12 November 2013

The Court of Appeal today issued guidance on sentencing for riotous assembly and increased two sentences arising from the flags protests earlier this year. The Director of Public Prosecutions had referred the cases to the Court of Appeal submitting that the sentences imposed were unduly lenient.

The Lord Chief Justice, delivering the judgment of the Court, said it was important to make it plain at the outset that none of the sentences were the result of the exercise by anyone of the right to lawful protest. He noted that the right to protest has an important place in society and added:

“It is quite inappropriate in a democratic society for the criminal law to be used to inhibit peaceful lawful protest. Citizens are entitled to be heard and the right to freedom of expression must be protected by the law and secured by the courts. It is only those who lend themselves to the encouragement or engagement in violent disorder who offend the criminal law on riotous assembly.”

The Lord Chief Justice continued:

“There remain a significant number of people, usually male, who persist in lending themselves to violent mob activity. The gravamen of this offence is the decision to participate in the assembly thereby causing fear and alarm to those members of the public affected. Each participant adds to the weight of numbers in the mob and fuels the level of aggression that has been evidenced to us in these cases. Even for those who participate by presence and encouragement only, their culpability must be judged by the total picture of the disorder and violence caused. Such persistent criminal conduct spread as it is across our community inevitably requires a deterrent sentencing framework. Those who chose to participate by presence and encouragement had the option of walking away. Those who actually used violence did so as part of the violent disorder. Their conduct cannot be viewed in isolation.”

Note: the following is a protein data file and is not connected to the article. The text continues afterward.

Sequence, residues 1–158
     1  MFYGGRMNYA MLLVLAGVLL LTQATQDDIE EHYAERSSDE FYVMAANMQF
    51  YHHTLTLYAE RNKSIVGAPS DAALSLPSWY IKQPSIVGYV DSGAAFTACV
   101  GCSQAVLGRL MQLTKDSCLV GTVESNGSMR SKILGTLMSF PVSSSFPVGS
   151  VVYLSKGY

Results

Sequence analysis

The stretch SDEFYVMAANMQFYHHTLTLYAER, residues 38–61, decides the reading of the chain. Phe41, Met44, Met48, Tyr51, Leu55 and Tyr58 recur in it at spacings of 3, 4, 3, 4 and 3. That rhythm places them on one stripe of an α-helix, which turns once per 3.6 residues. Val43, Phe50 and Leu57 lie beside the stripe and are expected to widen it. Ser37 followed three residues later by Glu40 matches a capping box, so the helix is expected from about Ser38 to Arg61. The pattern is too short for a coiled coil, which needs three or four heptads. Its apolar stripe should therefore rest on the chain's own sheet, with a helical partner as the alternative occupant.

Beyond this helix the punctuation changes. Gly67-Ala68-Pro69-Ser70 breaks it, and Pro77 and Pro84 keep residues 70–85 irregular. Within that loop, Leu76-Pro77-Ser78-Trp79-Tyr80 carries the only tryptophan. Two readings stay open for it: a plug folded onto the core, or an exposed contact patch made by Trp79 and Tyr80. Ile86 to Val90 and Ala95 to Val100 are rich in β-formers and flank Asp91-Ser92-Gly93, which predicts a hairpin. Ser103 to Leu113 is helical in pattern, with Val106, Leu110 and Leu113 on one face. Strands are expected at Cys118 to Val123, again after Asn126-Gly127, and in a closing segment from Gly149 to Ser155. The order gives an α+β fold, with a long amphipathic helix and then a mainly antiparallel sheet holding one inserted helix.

In delivering the sentencing guidance, Sir Declan Morgan stated:

  • Where a deterrent sentence is required, previous good character and circumstances of individual personal mitigation are of comparatively little weight;
  • Where a deterrent sentence is imposed it should only suspended in highly exceptional circumstances; and